Q: I am 85 years old and would like to know if I should convert my IRAs to Roths to preserve my lifetime of saving from higher tax rates in the future.


A: A traditional IRA is funded with pretax dollars. You pay your regular income tax rate when you withdraw the money in retirement and without penalty after age 59½. Contributions into a Roth IRA are with after-tax dollars. The money taken out during retirement is tax free, assuming you have had the Roth for at least five years and you are 59½ or older. With a conversion you transfer money from your tax-sheltered traditional IRA, pay income taxes owed and put the money into a Roth. An additional advantage to a Roth is there isn’t any required minimum distributions (RMD) unlike with traditional IRAs and 401(k)s. (The pandemic-driven CARES Act suspended RMD rules for 2020.)

Question is, is it worth paying taxes now on the withdrawn money to make the conversion and enjoy tax-free withdrawals later? Your individual details matter greatly, but odds are conversion may not be the best plan.

Conversions don’t make sense if you don’t have additional savings to pay the tax levy.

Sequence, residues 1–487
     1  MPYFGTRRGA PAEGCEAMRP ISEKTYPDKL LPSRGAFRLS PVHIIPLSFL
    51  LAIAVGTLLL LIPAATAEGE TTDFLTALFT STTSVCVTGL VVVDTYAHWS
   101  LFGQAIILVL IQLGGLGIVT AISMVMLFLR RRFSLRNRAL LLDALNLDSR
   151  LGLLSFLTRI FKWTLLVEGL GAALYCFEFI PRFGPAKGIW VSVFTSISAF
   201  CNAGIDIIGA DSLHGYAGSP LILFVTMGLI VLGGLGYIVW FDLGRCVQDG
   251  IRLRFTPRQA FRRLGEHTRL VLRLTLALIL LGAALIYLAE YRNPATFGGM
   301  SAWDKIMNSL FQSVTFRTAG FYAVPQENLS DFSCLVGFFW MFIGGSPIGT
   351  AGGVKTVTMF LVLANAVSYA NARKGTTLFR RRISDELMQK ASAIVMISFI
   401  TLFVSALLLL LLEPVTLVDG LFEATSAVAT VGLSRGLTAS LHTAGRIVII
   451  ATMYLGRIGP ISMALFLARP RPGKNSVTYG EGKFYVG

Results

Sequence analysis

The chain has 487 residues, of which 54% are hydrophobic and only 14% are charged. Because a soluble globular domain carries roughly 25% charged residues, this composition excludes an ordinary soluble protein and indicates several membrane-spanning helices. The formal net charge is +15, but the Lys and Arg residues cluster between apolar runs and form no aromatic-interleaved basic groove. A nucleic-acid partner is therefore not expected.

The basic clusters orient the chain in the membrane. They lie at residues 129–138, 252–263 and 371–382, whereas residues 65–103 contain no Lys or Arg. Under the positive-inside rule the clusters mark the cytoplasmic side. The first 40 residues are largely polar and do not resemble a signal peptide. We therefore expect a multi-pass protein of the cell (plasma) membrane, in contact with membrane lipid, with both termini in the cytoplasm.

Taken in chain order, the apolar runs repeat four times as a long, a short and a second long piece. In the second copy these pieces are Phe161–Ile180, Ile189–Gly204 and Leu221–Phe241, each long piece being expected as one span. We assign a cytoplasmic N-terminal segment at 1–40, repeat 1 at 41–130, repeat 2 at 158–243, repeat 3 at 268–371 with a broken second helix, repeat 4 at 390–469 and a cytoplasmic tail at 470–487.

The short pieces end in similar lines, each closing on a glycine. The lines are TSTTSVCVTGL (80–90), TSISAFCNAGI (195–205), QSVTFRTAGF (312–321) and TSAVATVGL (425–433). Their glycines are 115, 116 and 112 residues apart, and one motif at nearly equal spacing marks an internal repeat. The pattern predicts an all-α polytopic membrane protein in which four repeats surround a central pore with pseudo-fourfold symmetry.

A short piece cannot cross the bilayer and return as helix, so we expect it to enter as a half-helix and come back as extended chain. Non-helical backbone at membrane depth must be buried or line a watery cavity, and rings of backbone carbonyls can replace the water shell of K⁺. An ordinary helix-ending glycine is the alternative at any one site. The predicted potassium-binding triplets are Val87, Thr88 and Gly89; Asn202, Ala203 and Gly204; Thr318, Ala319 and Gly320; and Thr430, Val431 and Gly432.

“In the year of a Roth IRA conversion, the full amount of the withdrawal is included in taxable income and a large conversion can easily push someone from a lower tax bracket into the highest tax bracket. The break-even point on paying significant taxes can take years or even decades to reach,” said Dan Stolfa, managing director, wealth and fiduciary adviser at Evercore Wealth Management. “If that tax burden is paid from IRA assets, it will take even longer.”

Do you believe your marginal tax rate in the future will be higher than it is currently? If your answer is yes, a conversion becomes more attractive and if no, it’s best to stick with the traditional IRA.

Time is the third critical consideration. “Another issue, and one that seems important in this case, is that conversions into Roth IRAs are still subject to the five-year rule,” said Stolfa. “Lyn would have to wait for five years after the conversion to begin taking tax-free withdrawals.”

Despite legislative changes, the Roth is attractive for relatively young people and as an estate planning tool for philanthropic and wealth transfers. “For most people like Lyn who are past RMD age and are using IRA assets to fund living expenses, large-scale conversions don’t make sense,” says Stolfa — an observation subject to the vagaries of individual circumstances, he added.


Chris Farrell is senior economics contributor, “Marketplace” and Minnesota Public Radio.